You can easily re-create the highlights by opening the book page or article, selecting the text, and clicking “Highlight.”

Citations (0)
Some of your citations are legacy items.

Any citation created before July 30, 2012 will labeled as a “Cited page.” New citations will be saved as cited passages, pages or articles.

We also added the ability to view new citations from your projects or the book or article where you created them.

Notes (0)
Bookmarks (0)

You have no saved items from this article

Project items include:
  • Saved book/article
  • Highlights
  • Quotes/citations
  • Notes
  • Bookmarks
Notes
Cite this article

Cited article

Style
Citations are available only to our active members.
Sign up now to cite pages or passages in MLA, APA and Chicago citation styles.

(Einhorn, 1992, p. 25)

(Einhorn 25)

1

1. Lois J. Einhorn, Abraham Lincoln, the Orator: Penetrating the Lincoln Legend (Westport, CT: Greenwood Press, 1992), 25, http://www.questia.com/read/27419298.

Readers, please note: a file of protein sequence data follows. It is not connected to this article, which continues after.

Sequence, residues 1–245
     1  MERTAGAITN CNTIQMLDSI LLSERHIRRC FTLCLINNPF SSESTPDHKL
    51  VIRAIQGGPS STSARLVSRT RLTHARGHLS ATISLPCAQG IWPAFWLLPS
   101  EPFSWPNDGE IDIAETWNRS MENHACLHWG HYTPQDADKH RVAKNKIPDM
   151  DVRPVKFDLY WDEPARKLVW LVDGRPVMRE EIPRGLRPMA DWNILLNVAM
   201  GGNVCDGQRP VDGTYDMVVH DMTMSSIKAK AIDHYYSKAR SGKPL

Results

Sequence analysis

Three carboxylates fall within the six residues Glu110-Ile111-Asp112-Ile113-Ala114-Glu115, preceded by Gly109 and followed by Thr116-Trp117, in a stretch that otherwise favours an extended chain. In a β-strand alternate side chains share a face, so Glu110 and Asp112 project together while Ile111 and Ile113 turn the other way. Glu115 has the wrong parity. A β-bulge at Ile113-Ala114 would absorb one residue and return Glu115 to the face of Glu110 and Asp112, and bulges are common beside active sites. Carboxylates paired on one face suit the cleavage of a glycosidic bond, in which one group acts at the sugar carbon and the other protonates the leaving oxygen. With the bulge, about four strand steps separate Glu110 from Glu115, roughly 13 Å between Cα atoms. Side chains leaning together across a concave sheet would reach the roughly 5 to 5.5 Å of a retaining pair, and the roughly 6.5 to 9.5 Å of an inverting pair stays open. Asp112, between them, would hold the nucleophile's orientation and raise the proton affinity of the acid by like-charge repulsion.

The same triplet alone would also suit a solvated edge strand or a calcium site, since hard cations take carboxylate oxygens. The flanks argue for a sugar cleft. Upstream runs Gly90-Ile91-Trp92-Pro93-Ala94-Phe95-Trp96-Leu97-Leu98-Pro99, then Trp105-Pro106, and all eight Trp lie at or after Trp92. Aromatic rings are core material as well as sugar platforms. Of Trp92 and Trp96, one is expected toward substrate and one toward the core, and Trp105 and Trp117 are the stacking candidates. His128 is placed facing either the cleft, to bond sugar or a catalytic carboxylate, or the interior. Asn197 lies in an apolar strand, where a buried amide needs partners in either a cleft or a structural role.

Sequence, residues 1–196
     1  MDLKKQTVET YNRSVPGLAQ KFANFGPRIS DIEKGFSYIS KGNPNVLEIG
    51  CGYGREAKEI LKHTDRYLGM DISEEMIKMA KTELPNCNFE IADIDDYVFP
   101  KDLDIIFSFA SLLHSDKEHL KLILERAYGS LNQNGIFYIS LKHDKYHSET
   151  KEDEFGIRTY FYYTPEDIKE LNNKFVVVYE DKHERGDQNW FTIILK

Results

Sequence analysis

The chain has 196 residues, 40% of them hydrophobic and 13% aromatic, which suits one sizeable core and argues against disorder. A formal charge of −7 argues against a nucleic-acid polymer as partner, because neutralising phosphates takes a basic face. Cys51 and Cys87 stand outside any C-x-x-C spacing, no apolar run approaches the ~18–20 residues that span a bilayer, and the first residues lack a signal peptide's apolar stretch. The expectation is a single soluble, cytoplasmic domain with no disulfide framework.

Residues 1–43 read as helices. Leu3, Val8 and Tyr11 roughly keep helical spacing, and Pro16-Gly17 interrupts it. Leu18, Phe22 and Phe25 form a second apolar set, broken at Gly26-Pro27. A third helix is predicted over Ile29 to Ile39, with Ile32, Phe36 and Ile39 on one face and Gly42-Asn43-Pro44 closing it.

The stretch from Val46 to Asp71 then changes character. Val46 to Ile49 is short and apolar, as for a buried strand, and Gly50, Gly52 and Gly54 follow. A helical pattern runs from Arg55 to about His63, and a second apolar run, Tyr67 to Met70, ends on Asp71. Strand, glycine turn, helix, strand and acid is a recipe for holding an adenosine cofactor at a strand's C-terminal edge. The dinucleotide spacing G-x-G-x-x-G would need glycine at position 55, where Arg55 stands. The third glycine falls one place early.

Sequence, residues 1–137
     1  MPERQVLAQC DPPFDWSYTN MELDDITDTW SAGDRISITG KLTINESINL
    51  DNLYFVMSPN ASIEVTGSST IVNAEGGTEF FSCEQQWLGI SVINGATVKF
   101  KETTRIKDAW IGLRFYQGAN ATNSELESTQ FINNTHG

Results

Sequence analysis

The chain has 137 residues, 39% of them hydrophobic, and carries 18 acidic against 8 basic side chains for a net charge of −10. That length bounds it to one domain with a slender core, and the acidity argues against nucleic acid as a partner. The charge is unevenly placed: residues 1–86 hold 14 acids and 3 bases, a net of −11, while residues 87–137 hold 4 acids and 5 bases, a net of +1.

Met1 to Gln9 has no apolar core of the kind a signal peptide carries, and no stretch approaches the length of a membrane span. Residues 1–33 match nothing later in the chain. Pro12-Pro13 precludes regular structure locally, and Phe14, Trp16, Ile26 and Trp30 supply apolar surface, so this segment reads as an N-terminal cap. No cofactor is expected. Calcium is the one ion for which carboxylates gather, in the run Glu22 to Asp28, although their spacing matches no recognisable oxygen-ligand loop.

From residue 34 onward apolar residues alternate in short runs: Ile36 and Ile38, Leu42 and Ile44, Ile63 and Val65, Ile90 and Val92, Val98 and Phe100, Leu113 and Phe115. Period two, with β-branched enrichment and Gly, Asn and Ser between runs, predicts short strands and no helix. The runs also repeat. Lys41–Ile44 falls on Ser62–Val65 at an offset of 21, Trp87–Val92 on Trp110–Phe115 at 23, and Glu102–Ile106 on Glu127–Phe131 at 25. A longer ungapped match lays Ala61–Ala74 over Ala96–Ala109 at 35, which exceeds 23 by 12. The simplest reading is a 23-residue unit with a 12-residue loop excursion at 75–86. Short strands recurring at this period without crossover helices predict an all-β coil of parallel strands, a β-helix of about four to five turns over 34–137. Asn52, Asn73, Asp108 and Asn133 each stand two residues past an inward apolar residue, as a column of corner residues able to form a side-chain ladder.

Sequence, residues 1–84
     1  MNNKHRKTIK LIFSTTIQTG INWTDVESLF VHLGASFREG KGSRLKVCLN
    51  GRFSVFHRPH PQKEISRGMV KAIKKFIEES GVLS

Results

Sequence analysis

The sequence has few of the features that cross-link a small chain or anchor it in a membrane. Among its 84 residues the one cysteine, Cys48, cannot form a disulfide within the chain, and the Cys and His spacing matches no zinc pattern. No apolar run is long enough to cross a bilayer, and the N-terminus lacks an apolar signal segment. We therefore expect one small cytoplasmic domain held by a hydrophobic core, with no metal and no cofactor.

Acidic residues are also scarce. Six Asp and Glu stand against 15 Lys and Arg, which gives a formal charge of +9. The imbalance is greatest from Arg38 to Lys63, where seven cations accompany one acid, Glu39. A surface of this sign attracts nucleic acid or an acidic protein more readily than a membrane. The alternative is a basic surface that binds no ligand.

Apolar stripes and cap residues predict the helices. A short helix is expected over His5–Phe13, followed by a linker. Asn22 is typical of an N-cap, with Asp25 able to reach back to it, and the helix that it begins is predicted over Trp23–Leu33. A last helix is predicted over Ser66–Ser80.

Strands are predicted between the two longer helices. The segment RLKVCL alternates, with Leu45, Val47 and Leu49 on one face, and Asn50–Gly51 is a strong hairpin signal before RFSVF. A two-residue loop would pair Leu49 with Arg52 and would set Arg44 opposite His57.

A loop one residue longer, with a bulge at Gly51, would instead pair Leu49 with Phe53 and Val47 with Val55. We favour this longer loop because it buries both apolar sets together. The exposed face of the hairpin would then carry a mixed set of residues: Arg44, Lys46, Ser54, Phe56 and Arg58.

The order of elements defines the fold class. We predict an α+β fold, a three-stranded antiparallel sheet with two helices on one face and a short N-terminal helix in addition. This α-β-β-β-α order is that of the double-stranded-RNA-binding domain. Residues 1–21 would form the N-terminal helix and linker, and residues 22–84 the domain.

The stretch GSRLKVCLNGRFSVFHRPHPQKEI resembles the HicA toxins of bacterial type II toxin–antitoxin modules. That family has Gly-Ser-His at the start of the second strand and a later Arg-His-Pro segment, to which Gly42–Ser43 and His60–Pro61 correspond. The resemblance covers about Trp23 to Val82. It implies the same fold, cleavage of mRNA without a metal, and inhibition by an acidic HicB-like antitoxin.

Cited article

Volkswagen in China: Running the Olympic Marathon
Settings

Settings

Typeface
Text size Smaller Larger Reset View mode
Search within

Search within this article

Look up

Look up a word

  • Dictionary
  • Thesaurus
Please submit a word or phrase above.
Print this page

Print this page

Why can't I print more than one page at a time?

Full screen

matching results for page

Cited passage

Style
Citations are available only to our active members.
Sign up now to cite pages or passages in MLA, APA and Chicago citation styles.

"Portraying himself as an honest, ordinary person helped Lincoln identify with his audiences." (Einhorn, 1992, p. 25).

"Portraying himself as an honest, ordinary person helped Lincoln identify with his audiences." (Einhorn 25)

"Portraying himself as an honest, ordinary person helped Lincoln identify with his audiences."1

1. Lois J. Einhorn, Abraham Lincoln, the Orator: Penetrating the Lincoln Legend (Westport, CT: Greenwood Press, 1992), 25, http://www.questia.com/read/27419298.

Cited passage

Thanks for trying Questia!

Please continue trying out our research tools, but please note, full functionality is available only to our active members.

Your work will be lost once you leave this Web page.

For full access in an ad-free environment, sign up now for a FREE, 1-day trial.

Already a member? Log in now.